Buying a home, old or new, or having one constructed for your family is both an exciting and a stressful time. It’s mostly exciting when you picture your family living comfortably and happily, and making wonderful memories, in your new home. But before you start this amazing new chapter, you have to go through the potentially stressful experience of having the house inspected by a professional building inspector.

 

A building inspection presupposes that the house might have structural problems and, of course, discovering and dealing with such problems is the last thing you’d want when your family is eager to move in. At the same time, it’s something you should prioritize to make sure that your family’s new home is structurally safe and sound, or, if you’re having the house built, to make sure that your contractor is complying with the proper building standards.

 

According to YellowPages.com.au, these are the different types of building inspections:

 

 

One of the most common questions asked by home buyers is how long a building inspection usually takes. Depending on the size of the house and the issues that an inspector might find, the whole process can take between 90 minutes and two hours, or even longer.

 

You should remember that a building inspection, no matter how stressful it might get, is a process that you should not rush. In fact, you should make sure, and even demand if necessary, that the building inspector you hired or hired by your realtor does a thorough and accurate job. This means that you should also expect the worst. It is best, however, to identify any and all problems and potential problems so they can be dealt with immediately and properly. As you should already be aware, some building problems, when left unresolved/unrepaired could cost you more money in the long run and put your family at risk.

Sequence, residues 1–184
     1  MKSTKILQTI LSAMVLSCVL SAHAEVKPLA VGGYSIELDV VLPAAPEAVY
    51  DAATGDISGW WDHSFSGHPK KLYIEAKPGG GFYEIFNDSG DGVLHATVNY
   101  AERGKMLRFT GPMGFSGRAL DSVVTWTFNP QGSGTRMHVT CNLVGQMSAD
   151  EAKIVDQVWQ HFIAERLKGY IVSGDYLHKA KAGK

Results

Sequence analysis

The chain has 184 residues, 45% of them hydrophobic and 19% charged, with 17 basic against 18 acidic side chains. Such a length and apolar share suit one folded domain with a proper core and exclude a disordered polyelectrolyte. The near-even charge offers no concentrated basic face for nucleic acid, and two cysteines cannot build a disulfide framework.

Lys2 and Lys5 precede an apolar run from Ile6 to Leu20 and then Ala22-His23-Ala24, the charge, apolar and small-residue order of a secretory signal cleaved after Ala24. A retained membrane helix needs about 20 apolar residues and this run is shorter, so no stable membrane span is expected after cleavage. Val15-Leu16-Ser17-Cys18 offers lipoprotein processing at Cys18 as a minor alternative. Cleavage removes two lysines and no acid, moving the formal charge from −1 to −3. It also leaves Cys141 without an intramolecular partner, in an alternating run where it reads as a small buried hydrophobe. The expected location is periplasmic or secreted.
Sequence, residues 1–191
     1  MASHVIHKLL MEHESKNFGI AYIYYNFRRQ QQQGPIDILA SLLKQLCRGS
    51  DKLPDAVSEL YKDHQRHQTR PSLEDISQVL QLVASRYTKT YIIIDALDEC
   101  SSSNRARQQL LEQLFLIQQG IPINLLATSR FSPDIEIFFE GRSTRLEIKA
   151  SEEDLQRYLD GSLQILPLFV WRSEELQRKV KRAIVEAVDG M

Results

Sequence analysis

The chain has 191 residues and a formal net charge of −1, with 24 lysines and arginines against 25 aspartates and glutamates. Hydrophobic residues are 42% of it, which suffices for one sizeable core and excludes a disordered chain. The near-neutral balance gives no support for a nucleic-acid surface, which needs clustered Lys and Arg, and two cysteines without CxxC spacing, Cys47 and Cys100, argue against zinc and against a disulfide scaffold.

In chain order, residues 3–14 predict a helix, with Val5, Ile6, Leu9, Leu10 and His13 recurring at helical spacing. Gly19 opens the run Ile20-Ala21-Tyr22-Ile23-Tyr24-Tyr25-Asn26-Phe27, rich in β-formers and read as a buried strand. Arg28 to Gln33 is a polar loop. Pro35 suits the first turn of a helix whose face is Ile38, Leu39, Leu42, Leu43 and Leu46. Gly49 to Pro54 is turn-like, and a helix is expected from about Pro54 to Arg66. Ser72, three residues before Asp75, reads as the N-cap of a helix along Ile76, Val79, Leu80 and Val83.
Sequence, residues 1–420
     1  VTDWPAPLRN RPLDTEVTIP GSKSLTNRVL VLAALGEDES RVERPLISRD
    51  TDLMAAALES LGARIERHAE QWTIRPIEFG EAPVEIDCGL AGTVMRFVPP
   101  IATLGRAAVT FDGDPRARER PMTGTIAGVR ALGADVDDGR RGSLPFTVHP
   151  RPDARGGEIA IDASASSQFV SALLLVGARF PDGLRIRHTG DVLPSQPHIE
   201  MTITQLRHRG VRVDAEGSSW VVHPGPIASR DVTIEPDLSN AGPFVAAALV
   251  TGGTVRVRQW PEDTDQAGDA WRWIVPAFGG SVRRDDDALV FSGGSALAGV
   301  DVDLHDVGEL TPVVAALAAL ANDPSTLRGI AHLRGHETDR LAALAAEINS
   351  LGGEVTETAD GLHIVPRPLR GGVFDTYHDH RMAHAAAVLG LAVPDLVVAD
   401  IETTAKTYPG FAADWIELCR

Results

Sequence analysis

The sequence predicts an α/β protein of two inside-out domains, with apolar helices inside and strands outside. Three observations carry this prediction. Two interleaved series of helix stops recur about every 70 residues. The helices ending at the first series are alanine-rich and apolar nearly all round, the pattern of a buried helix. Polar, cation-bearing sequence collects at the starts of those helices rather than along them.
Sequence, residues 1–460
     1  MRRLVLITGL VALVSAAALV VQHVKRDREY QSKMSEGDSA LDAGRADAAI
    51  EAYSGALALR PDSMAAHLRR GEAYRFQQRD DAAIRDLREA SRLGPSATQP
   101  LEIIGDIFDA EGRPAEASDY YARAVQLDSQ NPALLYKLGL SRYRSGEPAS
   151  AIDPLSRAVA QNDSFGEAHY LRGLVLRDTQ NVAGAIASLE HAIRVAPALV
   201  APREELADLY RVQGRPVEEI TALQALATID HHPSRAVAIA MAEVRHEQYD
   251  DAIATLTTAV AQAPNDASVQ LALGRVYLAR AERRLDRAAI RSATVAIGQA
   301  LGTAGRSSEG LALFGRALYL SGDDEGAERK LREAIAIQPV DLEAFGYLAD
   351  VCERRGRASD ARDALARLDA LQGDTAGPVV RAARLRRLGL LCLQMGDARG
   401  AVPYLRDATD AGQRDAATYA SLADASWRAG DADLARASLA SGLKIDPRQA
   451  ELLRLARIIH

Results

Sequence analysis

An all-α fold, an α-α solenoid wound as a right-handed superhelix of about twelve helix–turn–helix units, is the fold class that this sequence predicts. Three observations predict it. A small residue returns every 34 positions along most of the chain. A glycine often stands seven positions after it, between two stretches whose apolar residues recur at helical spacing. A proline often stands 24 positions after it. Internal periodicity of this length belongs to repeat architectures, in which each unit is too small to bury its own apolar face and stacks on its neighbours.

Generally, a building inspector ensures that a house’s structural safety, accessibility, energy efficiency, and (in the case of a house under construction) adherence to the original building plans. The qualifications of your building inspector will determine exactly what the building inspection will cover. These are the common property features and issues that a qualified building inspector usually has on his checklist:

 

  • Structure
  • Foundations
  • Ceilings, walls, and retaining walls
  • Floors
  • Guttering
  • Eaves
  • Fencing
  • Electrical
  • Heating, ventilation, and air conditioning
  • Plumbing and drainage
  • Hot water system
  • Moisture problems
  • Asbestos
  • Pest problems
  • Maintenance issues

 

Prior to the building inspection, do your research (on the property and the location’s history) and write down the important questions that you might want to ask the inspector, as well as any concerns you might have.

 

Especially if you’re buying a house, knowing its condition is going to be an important factor in whether or not the price is right and in determining if a house is the right one for your family. You wouldn’t want your “dream house” to turn into a nightmare later on when hidden problems suddenly come out of the woodwork (pun intended) after you have moved in.